Hebrews 9:1-14

Image One

Image Two




Image Three


Image Four

Click on these great Tabernacle Sites:

Color Photo of Tabernacle

Tabernacle Place

Tabernacle Details

Tabernacle Diagrams



Photo taken by Galyn at Shiloh which was the location of the tabernacle after it was set up in the land of Canaan by Joshua.  Notice in 1 Samuel 1:9 the tabernacle is called “temple” because it had been permanently placed in Shiloh on this foundation. 

            “Now Eli the priest was sitting on a chair by the doorpost of the Lord’s temple.”

Eli would have been sitting just to the left of the “7” in “75 feet” on the right side of this picture above. 

See more photos of Shiloh at Generation Words Website at: http://www.generationword.com/Israel/shiloh.html


This is the back of the tabernacle. This is the west wall.
The ark would have sat just inside this wall to the left inside the holy of holies

The south wall can be seen going to the left of the picture at the end of this west wall.
The pile of rocks in the middle to the left would have been the location of the ark.


Hebrews 9:1-14

Now the first covenant had regulations for worship and also an earthly sanctuary.


The inadequacy of the old physical tabernacle is brought into contrast with the real sanctuary in heaven.

Why is the tabernacle used as an illustration instead of the temple? 

  1. The tabernacle was the original sanctuary
  2. The tabernacle plans were given to Moses who established it
  3. The Torah gives details of the physical dimensions of the tabernacle
  4. The tabernacle was a by design temporary and moveable
  5. The temple in the days of the writing of the book of Hebrews was known to be corrupt.  The Qumran community, and others, had actually set up their own places of worship.
  6. The temple in Jerusalem was built as a replica of the wilderness tabernacle
  7. The people receiving the letter of Hebrews were probably not in Jerusalem and associated themselves with the people of the wilderness.


A tabernacle was set up. In its first room were the lampstand, the table and the consecrated bread; this was called the Holy Place.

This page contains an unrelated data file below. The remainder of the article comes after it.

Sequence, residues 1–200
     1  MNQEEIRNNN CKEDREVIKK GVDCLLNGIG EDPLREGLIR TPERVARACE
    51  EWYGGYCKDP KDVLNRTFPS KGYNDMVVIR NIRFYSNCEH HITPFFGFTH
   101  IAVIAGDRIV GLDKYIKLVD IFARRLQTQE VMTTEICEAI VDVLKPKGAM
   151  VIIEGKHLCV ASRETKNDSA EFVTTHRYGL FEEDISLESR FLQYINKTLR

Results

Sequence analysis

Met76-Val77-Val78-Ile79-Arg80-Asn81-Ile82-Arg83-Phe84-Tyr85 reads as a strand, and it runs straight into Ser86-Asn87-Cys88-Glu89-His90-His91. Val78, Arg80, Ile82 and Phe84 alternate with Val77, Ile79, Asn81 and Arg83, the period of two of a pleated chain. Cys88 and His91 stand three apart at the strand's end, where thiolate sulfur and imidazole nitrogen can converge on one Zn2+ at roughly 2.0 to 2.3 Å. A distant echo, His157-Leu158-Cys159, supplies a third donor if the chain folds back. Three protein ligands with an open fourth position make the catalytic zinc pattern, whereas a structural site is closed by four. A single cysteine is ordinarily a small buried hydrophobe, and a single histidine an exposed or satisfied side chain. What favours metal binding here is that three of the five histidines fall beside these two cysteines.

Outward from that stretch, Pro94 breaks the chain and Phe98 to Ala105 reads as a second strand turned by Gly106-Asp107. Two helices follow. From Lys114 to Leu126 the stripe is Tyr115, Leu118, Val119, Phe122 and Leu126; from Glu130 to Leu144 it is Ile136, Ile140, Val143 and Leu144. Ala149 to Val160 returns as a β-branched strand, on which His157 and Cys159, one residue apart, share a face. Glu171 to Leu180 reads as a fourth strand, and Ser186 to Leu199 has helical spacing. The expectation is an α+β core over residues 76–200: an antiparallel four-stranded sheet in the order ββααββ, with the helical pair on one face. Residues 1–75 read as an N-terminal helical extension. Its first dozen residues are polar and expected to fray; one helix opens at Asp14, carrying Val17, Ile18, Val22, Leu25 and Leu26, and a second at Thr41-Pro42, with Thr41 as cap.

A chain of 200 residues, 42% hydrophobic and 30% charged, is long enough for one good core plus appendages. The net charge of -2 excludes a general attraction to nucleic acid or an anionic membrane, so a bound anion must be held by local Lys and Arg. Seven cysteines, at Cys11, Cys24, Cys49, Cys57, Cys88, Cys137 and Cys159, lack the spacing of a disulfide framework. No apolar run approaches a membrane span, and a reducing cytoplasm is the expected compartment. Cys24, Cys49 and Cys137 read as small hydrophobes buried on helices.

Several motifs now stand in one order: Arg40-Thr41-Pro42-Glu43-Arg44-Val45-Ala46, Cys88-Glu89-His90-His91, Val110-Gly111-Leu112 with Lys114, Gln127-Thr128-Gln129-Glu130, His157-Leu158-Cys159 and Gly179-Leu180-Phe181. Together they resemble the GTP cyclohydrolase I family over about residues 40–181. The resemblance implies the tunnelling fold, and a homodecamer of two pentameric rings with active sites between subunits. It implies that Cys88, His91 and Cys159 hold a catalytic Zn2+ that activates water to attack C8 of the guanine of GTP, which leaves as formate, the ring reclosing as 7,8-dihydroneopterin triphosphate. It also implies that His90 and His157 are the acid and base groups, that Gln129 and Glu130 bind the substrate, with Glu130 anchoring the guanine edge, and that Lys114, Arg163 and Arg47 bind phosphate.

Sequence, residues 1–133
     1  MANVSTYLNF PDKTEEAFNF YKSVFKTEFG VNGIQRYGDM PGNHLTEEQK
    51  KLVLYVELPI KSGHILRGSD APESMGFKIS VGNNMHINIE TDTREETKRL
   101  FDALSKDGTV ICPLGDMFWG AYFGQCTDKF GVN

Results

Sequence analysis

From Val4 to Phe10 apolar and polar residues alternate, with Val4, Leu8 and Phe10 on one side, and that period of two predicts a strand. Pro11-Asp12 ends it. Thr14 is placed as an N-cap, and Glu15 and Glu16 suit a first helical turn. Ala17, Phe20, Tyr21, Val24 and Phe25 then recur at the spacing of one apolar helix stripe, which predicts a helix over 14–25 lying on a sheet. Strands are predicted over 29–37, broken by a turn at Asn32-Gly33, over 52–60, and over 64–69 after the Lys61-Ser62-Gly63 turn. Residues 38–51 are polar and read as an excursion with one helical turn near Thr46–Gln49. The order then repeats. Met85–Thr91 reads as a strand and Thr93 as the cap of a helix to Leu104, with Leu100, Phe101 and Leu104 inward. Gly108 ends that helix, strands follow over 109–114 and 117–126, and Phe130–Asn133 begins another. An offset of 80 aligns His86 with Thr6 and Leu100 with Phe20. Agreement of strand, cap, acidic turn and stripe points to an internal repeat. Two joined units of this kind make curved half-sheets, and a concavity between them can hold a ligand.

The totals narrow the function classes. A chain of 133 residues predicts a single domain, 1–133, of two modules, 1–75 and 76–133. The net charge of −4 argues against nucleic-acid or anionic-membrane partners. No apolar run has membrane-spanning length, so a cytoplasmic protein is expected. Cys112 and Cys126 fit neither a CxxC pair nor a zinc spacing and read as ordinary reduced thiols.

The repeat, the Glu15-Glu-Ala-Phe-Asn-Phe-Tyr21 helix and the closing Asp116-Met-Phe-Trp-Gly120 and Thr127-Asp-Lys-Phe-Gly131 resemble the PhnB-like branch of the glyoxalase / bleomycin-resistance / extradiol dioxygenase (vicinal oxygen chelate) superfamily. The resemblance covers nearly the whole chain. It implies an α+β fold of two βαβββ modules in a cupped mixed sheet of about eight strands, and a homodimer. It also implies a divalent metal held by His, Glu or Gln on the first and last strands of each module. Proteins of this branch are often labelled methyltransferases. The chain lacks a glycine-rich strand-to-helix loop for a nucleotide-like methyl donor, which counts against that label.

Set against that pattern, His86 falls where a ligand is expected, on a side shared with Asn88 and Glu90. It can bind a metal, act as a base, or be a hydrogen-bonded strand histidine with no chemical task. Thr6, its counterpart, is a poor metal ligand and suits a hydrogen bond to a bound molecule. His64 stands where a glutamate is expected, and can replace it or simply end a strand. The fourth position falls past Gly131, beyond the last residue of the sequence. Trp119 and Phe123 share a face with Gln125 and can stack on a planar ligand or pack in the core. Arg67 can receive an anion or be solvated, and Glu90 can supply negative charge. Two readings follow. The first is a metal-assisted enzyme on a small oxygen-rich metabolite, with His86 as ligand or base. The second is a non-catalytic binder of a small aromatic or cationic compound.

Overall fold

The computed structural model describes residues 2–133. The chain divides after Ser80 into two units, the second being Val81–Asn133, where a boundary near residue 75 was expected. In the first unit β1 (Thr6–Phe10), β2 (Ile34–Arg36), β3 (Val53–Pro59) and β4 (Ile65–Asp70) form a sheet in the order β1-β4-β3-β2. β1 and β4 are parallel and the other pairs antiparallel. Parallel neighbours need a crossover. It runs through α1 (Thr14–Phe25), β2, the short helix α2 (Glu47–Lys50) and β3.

The Arch of Titus in Rome and Hasmonaean coins show this lampstand.

The inscription in square at the top of the Arch of Titus reads:

Which means:

"The Senate
and People of Rome (dedicate this)
to the divine Titus Vespasianus Augustus, son of the divine Vespasian."


More Photos of the Arch of Titus here:

- http://www.essential-architecture.com/ITALY/ROME/RO-003.htm

- http://www.geocities.com/Athens/Pantheon/9013/Titus.html





 The Arch of Titus (Arco di Tito) is the oldest triumphal arches in Rome Italy .  Dating back to around 81 AD, this victory arch was built by Emperor Dominitian to commemorate the suppression of a Jewish revolt in Palestine .  The artwork under the archway depicts the victorious Roman legionnaires enjoying the spoils of their victory. Some 50,000 Jews were brought back to Rome as slaves and were used to helped build this arch.











  Mattathias Antigonus, 40-37 BCE.
Obverse Side (front or heads): Seven branched menorah with inscription "King Antiogonus" in Greek 
Reverse Side (back or tails): Showbread table, Inscription "Mattatayah the High Priest" in Hebrew. Probably a propaganda coin minted as the Hasmonean Dynasty was being destroyed Herod and Rome .

The above and below pictures were taken by Galyn of the Menorah prepared for the new temple. 
It is kept in the Cardo and brought to the Western Wall during the Feast of Lights. 



The Table of Shewbread

  •   “Shewbread” is the Hebrew phrase “lehem hamma areket” or “bread of the face” or “bread of the presence”  meaning the “bread set before the face or presence of God.”  
  • The table was made of acacia wood and overlaid with gold.
  • The table was about 3 feet long, 1 foot 6 inches wide and 2 feet 3 inches high
  • On the table were golden plates, spoons, jars, and bowls
  • The bread was 12 cakes baked of fine flour and placed fresh on the table every Sabbath. They were stacked in two rows of six.
  • The week old bread was then removed and eaten by the priests there in the holy place.  No one else could eat this bread (Lev. 24:9)